The Supreme Court of the United States has repeatedly held that the protections of the US constitution are limited to U.S. citizen, but individuals maintain certain rights regardless of their immigration status. Every person has the right to equal protection under the law and to due process. This means that a person accused of not maintaining legal status in the United States has the right to defend him or herself against removal from the country. Similarly, where there are criminal allegations against an undocumented immigrant, that person has all the same rights as would an American citizen. This includes the right to confront witnesses in a trial, the right to representation, and the right against unreasonable searches and seizures by the police.
Regardless of immigration status, everyone has a right to free speech, freedom of religion, and freedom to peaceably petition the government. Undocumented children in the United States have a right to free public education. Publicly funded hospitals are required to provide medical care to all patients. They are prohibited from discriminating against a person based on immigration status. Undocumented immigrants are permitted to file lawsuits against other people and the government for claims arising out of negligence, just like any other person in the United States.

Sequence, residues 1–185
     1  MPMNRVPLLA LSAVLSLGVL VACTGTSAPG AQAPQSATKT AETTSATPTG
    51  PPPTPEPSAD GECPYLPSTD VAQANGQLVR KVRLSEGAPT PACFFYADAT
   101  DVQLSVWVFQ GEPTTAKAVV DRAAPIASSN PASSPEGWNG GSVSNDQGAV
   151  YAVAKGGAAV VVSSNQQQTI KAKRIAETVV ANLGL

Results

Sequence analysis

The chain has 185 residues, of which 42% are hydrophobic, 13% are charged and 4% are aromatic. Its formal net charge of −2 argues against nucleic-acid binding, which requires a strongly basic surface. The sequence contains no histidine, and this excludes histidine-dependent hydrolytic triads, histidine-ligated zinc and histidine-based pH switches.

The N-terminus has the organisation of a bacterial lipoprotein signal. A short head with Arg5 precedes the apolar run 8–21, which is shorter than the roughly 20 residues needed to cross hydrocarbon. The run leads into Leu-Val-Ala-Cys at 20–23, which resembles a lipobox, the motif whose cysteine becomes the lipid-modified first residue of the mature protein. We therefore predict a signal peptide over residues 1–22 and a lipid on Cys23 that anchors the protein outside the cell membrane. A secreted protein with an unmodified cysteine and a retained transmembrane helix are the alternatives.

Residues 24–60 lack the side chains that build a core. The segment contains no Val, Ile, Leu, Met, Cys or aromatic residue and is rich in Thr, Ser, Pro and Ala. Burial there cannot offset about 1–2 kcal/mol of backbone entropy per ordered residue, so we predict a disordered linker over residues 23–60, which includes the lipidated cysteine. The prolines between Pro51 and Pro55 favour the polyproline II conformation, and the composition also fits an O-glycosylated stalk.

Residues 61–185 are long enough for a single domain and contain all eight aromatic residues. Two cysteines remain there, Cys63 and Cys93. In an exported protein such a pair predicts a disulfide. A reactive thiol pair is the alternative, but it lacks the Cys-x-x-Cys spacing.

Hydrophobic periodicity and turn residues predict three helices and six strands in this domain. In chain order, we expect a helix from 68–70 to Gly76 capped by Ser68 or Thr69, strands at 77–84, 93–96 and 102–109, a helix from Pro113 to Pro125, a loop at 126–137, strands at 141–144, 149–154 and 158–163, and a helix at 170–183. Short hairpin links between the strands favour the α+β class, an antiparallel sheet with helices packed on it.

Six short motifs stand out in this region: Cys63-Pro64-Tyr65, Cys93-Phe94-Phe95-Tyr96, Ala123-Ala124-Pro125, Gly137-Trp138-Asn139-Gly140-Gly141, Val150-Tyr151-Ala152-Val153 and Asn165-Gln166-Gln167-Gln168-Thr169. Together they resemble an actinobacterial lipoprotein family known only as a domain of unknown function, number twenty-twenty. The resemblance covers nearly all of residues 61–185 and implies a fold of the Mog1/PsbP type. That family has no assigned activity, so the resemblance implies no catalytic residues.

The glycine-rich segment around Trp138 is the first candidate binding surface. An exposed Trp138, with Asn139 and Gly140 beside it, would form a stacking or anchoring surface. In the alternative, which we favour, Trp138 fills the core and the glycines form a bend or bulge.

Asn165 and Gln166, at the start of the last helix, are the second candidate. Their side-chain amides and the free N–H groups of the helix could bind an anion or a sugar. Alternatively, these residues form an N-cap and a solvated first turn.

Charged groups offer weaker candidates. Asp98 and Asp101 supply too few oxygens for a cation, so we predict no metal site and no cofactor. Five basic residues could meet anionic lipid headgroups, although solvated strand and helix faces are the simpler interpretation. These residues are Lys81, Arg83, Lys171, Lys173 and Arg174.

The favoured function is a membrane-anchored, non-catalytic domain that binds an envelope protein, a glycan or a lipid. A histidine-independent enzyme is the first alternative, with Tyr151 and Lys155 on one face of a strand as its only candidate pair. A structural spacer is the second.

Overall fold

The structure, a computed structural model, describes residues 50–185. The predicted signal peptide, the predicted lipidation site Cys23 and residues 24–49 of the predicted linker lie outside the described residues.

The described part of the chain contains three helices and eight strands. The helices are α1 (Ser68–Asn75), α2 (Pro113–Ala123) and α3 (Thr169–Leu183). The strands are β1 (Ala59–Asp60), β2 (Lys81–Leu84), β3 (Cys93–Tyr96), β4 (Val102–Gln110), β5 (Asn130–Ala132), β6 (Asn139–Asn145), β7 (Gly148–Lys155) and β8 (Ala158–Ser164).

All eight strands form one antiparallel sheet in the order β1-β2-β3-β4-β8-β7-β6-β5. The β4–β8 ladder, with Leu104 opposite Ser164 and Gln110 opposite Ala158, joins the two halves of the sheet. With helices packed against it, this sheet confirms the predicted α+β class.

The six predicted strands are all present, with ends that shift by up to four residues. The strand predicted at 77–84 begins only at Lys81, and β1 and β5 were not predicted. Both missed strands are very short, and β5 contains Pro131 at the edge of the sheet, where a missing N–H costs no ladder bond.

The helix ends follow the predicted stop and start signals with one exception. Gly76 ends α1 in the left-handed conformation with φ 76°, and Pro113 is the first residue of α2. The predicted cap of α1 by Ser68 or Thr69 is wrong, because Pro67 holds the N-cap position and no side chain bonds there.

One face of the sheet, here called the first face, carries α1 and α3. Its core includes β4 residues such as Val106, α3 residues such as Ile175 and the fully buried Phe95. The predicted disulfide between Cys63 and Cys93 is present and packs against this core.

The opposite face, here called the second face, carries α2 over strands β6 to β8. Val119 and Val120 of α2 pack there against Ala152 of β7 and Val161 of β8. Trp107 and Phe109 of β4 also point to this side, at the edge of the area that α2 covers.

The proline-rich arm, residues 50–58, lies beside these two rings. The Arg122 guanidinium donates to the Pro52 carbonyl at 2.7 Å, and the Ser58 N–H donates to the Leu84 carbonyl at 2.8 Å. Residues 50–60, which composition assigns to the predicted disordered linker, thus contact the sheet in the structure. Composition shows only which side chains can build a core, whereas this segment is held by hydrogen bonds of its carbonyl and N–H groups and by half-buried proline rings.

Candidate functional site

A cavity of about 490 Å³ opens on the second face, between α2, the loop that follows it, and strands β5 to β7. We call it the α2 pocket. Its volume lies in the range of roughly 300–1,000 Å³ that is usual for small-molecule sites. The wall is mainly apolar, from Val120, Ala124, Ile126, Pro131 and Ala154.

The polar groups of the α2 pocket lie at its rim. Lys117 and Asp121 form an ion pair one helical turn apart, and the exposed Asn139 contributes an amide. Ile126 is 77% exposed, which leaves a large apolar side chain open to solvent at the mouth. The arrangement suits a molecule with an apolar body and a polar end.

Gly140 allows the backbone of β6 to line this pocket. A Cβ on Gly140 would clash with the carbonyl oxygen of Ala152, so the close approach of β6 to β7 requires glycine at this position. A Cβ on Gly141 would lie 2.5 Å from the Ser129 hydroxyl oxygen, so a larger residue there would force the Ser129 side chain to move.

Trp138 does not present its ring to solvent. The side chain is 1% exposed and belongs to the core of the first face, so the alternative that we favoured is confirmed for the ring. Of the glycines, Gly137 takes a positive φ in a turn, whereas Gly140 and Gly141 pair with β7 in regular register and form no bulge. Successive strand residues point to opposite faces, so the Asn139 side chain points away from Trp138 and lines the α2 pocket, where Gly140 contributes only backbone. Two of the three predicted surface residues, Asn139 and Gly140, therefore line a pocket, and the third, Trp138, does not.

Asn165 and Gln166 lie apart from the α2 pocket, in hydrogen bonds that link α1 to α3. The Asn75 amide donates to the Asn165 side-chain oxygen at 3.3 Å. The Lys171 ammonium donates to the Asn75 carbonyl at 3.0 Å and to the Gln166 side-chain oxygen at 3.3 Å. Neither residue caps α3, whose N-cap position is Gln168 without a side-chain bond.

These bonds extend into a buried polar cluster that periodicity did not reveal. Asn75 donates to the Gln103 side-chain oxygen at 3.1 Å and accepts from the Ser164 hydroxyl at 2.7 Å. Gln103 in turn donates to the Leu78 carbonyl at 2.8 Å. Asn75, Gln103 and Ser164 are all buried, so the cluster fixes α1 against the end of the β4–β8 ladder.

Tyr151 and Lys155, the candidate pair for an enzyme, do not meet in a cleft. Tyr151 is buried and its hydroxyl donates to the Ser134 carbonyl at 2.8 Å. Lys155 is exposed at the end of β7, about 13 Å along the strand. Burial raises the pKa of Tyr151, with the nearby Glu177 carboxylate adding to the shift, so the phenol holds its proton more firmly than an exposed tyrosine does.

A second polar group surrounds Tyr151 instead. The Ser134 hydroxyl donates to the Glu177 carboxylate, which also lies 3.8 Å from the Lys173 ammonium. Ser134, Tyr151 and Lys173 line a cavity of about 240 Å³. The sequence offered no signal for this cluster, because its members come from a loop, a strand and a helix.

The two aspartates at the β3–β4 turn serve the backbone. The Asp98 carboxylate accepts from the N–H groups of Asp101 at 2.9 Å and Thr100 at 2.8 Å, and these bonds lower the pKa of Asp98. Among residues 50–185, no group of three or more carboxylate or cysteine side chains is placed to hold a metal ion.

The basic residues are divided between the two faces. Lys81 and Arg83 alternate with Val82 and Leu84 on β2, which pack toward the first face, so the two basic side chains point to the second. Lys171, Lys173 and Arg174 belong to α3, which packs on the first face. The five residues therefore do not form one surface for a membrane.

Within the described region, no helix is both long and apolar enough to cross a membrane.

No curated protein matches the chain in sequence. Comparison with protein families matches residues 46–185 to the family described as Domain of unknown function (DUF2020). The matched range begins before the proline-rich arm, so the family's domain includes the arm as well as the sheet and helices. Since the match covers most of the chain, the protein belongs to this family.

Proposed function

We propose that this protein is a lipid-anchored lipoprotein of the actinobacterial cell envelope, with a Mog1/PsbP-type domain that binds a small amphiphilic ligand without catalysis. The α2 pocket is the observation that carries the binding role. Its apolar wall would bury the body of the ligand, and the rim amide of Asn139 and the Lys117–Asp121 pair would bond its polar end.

It is, however, against federal law to hire someone who is undocumented. It is the responsibility of the employer to ensure that every employee hired is legally permitted to work. Nonetheless, once a person is hired, that individual is entitled to some rights in the workplace. He or she must be paid the minimum wage. It is improper for an employer to prohibit anyone from forming a union. If an undocumented immigrant is injured on the job, he or she is entitled worker’s compensation and disability if it is part of the employer’s normal practice. Undocumented workers are protected from workplace discrimination and sexual harassment by federal law as well.
Many undocumented immigrants are victims of crimes and are afraid to come forward to the police for fear of deportation. This goes against public policy, so in 2000, the federal government created a new visa to allow undocumented immigrants to stay in the country legally for up to four years if that person is the victim of a qualifying crime. This visa is called a U visa and is an important tool to protect undocumented people from crime.